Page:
“I’ve noticed that he gets respect,” Coady said. “He has that kind of a personality that you just know he’s a good artist.”
It’s no mistake that Lin has made people happy with his work. He says that his business is not only about giving people tattoos, but about making a greater statement in favor of the art and being responsible for its consequences.
“We have an extended circle of responsibility that includes ethical practice and raising the standards of not only what people perceive as tattoos, but what they perceive as people who get tattoos,” said Lin. “But getting paid to use your imagination and to make people happy when they’re doing something empowering for themselves is a great place to be in.”
Apart from advocacy and tattooing, Lin’s into activism – one of his children suffers from severe autism, and since her infancy, Lin has sought to increase awareness of the disease by donating a cut of the convention profits each year to autism charities, thereby promoting its research. He’s learned the virtues of caring and compassion on this whole other front – when Maya, 6, was diagnosed with the disease, the tattooer quickly realized the stakes of her illness. In the last year, he’s been trudging through a painful divorce from his wife of 10 years, Lily, over disagreements in their daughter’s treatment.
“Autism is something that you don’t plan for and that you don’t expect. But when it comes along, like any severe illness, it changes the road map of your life in a pretty heavy duty way,” Lin said. “It’s a terrifying and heart-breaking thing to cope with, so it’s taught me a lot of things, but I suppose that a lot of deep sadness has a way of tempering your personality in a lot of ways.”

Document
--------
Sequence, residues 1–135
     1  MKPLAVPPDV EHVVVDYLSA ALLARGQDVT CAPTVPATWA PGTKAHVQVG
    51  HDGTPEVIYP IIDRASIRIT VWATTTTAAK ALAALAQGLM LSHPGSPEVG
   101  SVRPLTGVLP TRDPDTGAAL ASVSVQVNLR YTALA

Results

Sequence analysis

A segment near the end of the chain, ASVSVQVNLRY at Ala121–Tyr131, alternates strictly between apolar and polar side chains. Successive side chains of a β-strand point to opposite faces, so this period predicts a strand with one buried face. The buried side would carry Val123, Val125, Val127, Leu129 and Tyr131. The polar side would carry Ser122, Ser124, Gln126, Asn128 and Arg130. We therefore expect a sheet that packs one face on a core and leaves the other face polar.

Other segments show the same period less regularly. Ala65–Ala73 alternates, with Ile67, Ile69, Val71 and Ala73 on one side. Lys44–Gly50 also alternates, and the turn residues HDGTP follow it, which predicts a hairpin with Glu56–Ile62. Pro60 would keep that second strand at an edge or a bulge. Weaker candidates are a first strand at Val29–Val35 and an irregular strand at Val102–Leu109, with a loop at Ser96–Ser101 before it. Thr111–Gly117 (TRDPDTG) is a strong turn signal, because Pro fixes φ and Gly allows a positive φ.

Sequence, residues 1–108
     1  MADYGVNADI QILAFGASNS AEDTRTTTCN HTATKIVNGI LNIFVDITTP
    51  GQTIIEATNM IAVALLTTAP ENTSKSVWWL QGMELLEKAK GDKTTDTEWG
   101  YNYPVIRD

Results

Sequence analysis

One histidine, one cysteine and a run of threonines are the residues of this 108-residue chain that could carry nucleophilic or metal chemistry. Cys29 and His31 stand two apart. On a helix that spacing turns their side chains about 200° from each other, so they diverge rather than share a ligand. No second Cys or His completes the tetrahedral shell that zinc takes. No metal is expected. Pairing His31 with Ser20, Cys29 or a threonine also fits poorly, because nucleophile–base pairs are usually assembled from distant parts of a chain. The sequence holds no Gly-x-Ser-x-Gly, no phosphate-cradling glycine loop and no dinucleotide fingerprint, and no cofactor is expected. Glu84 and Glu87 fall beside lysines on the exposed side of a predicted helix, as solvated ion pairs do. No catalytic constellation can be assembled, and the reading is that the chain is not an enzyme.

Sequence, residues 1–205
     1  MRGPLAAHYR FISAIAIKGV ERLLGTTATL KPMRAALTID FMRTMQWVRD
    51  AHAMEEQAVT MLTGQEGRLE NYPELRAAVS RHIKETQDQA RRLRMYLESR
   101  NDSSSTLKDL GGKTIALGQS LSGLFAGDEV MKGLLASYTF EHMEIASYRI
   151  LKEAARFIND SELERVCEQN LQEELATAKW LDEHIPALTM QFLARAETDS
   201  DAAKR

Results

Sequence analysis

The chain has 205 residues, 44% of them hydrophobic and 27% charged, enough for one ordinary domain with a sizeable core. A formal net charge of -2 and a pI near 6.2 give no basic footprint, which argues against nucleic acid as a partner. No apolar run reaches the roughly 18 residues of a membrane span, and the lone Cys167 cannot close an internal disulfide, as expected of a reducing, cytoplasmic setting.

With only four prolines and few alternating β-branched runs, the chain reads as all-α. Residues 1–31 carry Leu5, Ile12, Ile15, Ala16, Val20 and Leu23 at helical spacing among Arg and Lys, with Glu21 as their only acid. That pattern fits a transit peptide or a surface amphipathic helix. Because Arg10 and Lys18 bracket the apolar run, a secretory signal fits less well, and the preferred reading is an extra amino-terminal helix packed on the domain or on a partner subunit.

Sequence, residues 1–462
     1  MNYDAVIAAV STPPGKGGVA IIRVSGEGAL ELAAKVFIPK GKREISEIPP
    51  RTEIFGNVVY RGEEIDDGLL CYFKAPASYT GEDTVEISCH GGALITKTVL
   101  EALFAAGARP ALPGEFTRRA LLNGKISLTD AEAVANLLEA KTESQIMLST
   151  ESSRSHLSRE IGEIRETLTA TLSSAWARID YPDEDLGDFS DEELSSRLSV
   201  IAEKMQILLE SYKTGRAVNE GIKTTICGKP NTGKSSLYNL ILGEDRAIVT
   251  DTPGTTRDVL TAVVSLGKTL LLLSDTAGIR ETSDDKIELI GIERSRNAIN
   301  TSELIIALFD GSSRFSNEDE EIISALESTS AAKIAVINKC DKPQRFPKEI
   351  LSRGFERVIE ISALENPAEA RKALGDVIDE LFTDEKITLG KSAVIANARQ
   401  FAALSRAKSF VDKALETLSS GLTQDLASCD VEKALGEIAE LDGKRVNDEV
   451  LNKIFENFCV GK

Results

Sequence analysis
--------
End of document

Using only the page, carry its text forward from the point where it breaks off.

Although he only gets to see his children on the weekends – his son, Max, is 8 – Lin savors the time he has with them, and ensures that he’s still a big presence in their lives.
“He’s awesome with his kids,” said Gwendolyn Ditsch, 41, an employee at Darkwave Tattoos. “I see him with them all the time, and they just light up his life.”
Throughout the past six years, Lin has donated 10 percent of the Boston Tattoo Convention’s profit to organizations such as CureAutismNow and Realizing Children’s Strengths, the school his daughter attends in Natick. As long as his daughter is sick, he’ll be at the forefront of her development, ensuring that she gets the best care every step of the way.
There’s no doubt that Lin has enjoyed substantial achievement throughout his career, but he seems to simply shrug it off his shoulders. To him, business is business, and he’s just lucky enough that his passion is his business.
“As you go beyond, particularly in the larger movement of art, you realize how little you are in comparison to what you do,” Lin said. “I’m not a celebrity. I’m fortunate to do what I love and that I have a good shot at giving my kids a great future through doing something that I do well.”
Sitting on a stool inside his tattooing station, Lin carefully cleans and re-inspects each needle, looking for any imperfection that may lead to infection, or even the slightest change in ink color. He’s a perfectionist, and it shows.